July 13th, 2009 cate
One of the most effective ingredients that repels insects is DEET, but DEET happens to be a toxic pesticide. The negative and dangerous health effects of DEET have proven to be seriously alarming.
When DEET was used in studies by scientists at Duke University, prolonged topical use on rats resulted in their brain death. How does that translate into human topical use? The DEET industry has always questioned these studies but have clearly known that DEET has a negative effect on health.
Whatever the case and to simply play it safe, keep yourself and your family safe: Stay away from products containing DEET. It’s that logical.
Click here to see a slideshow featuring DEET-free products.
October 24th, 2008 cate
In this lively collection from an array of accomplished writers, readers meet an old woman who imparts an invaluable midnight message on a Greek island; brothers who heal old family wounds in Ireland; and travelers who awaken to the mystery of their souls in such disparate places as St. Peter’s in Rome and a dusty road in India. Contributors include Phil Cousineau, Kim Chernin, David Yeadon, Don George, and Jan Morris. The Spiritual Gifts of Travel reveals the myriad ways that travel renews the spirit. “The tales ring clear and loud with the universal need to travel the road toward self.” — Francesca de Grandis, author of Be a Goddess!
Read more about: The Spiritual Gifts of Travel: The Best of Travelers’ Tales
August 7th, 2008 cate
By general consensus, Planet Earth (The complete series) has been deemed quite simply the greatest nature/wildlife series ever produced. Following the success of The Blue Planet: Sea of Life, this astonishing 11-part BBC series is brilliantly narrated by Sir David Attenborough. Each 50-minute episode covers a specific geographical region and/or wildlife habitat (mountains, caves, deserts, shallow seas, seasonal forests, etc.) until the entire planet has been magnificently represented by the most astonishing sights and sounds you’ll ever experience from the comforts of your living room.
The premiere episode, “From Pole to Pole,” serves as a primer for things to come, placing the entire series in proper context and giving a general overview of what to expect from each individual episode. Without being overtly political, the series maintains a consistent and subtle emphasis on the urgent need for ongoing conservation, best illustrated by the plight of polar bears whose very behavior is changing (to accommodate life-threatening changes in their fast-melting habitat) in the wake of global warming–a phenomenon that this series appropriately presents as scientific fact.
With this harsh reality as subtext, the series proceeds to accentuate the positive, delivering a seemingly endless variety of natural wonders, from the spectacular mating displays of New Guinea’s various birds of paradise to a rare encounter with Siberia’s nearly-extinct Amur Leopards, of which only 30 remain in the wild.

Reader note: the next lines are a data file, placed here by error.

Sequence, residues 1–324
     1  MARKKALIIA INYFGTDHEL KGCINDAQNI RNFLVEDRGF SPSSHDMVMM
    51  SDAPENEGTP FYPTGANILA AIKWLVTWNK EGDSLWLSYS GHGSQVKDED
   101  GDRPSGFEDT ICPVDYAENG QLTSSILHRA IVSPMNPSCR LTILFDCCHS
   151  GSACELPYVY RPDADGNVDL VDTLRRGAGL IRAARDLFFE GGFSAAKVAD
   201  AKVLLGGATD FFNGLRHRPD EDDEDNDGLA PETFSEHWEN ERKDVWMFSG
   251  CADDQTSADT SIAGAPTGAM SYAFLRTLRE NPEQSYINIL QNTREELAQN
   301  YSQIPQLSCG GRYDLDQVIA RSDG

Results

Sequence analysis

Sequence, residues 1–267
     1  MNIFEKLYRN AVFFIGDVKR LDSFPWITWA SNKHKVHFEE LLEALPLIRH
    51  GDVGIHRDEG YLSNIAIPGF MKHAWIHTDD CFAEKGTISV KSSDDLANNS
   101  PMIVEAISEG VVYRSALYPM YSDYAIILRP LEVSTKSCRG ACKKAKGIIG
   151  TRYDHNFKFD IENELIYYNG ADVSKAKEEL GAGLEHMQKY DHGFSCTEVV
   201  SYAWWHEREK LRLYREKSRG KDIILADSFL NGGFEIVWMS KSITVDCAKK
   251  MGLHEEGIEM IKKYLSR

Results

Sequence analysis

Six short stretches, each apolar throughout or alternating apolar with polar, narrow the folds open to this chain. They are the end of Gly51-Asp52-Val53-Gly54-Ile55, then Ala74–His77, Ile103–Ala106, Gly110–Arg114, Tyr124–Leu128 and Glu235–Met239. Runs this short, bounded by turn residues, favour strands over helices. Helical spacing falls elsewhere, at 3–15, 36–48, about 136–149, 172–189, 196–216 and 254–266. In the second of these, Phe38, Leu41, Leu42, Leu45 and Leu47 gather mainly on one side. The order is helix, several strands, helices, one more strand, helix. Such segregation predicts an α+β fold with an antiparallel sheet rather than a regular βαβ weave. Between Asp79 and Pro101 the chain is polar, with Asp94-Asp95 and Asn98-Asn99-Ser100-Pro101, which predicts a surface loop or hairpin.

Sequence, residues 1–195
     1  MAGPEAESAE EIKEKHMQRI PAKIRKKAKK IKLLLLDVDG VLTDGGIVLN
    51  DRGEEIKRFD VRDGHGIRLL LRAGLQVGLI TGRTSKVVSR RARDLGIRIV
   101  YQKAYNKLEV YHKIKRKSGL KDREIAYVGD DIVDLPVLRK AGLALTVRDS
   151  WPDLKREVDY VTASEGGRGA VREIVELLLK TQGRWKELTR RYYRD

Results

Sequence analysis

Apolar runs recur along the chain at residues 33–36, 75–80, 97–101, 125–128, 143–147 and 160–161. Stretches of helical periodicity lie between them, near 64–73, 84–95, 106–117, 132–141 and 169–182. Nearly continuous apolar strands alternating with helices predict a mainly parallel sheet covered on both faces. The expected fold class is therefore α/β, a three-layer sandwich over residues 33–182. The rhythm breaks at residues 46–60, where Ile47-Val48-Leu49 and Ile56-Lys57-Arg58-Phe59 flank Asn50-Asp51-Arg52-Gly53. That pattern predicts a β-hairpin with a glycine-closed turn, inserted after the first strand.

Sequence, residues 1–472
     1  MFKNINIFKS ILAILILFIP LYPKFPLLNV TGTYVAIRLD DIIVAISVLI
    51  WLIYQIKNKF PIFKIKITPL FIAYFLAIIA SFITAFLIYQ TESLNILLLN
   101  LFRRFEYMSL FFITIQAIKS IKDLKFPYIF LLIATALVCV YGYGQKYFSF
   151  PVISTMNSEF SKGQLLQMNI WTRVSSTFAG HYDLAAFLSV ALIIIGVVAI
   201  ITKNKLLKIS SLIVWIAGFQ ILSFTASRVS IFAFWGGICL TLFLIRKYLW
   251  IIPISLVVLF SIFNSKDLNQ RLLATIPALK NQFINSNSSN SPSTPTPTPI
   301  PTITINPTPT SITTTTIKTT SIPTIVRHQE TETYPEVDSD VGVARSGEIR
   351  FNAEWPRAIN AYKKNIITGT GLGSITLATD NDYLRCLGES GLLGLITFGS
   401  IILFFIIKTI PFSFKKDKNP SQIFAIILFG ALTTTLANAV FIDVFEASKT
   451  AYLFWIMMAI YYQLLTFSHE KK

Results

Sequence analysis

With so many of Earth’s natural wonders on display, it’s only fitting that the final DVD in this 5-disc set is devoted to Planet Earth: The Future, a separate 3-part series in which a global array of experts is assembled to discuss issues of conservation, protection of delicate ecosystems, and the socio-economic benefits of understanding nature as a commodity that returns trillions of dollars in value at no cost to Earth’s human population.
At a time when the multiple threats of global warming should be obvious to all, let’s give Sir David the last word, from the closing of Planet Earth’s final episode: “We can now destroy or we can cherish–the choice is ours.”
Get Planet Earth now
July 31st, 2008 cate
Here are several suggestions for some of the best yoga retreats or “zen dens” in the world.
1. WILDFLOWER HALL
Where: Shimla, India
Guru says: Yoga was invented in the Himalayas, in caves where acolytes of Tantric bliss experimented with astrology, nutrition, sex, medicine, and asanas (postures). But cave dwelling is so 5,000 years ago: Stay instead at this cliff-side manor, once home to British commander-in-chief Lord Kitchener and now a luxury Oberoi property. Instruction with local masters who grew up practicing yoga can be arranged in private sessions or with a group. Most programs last one week and include spa and Ayurvedic treatments.
Classmates: Wealthy Indian families looking to escape the heat of New Delhi and Mumbai, as well as many European couples. The Himalayan environment attracts a steady stream of fit, young professionals into adventure travel.
Om factor: Didn’t we mention yoga was invented here? Teachers are often part of a guru-disciple lineage dating back centuries.
Prerequisites: A simple mountain pose. Better: the sweat-inducing headstand.
Extracurricular: Day-trips on the white water of the Sutlej River, hikes and single-track mountain biking trips leading to king-of-the-world views, tennis in the summer and ice skating in the winter.
When to go: The summer is warm, but not hot; wildflowers bloom in late spring; and snow falls regularly in January and February. Take your pick.